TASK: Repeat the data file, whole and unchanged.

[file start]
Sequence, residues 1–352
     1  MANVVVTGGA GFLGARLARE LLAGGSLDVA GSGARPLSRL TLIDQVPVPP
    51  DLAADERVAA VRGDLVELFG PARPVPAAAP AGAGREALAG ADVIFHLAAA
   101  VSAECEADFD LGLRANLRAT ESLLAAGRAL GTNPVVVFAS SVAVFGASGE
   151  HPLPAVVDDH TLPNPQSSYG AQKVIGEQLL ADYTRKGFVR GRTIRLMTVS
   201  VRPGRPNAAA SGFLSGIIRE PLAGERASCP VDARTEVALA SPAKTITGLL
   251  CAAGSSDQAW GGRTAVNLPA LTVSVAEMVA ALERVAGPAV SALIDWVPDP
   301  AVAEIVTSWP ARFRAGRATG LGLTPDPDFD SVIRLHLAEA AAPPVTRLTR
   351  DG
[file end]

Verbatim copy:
Sequence, residues 1–352
     1  MANVVVTGGA GFLGARLARE LLAGGSLDVA GSGARPLSRL TLIDQVPVPP
    51  DLAADERVAA VRGDLVELFG PARPVPAAAP AGAGREALAG ADVIFHLAAA
   101  VSAECEADFD LGLRANLRAT ESLLAAGRAL GTNPVVVFAS SVAVFGASGE
   151  HPLPAVVDDH TLPNPQSSYG AQKVIGEQLL ADYTRKGFVR GRTIRLMTVS
   201  VRPGRPNAAA SGFLSGIIRE PLAGERASCP VDARTEVALA SPAKTITGLL
   251  CAAGSSDQAW GGRTAVNLPA LTVSVAEMVA ALERVAGPAV SALIDWVPDP
   301  AVAEIVTSWP ARFRAGRATG LGLTPDPDFD SVIRLHLAEA AAPPVTRLTR
   351  DG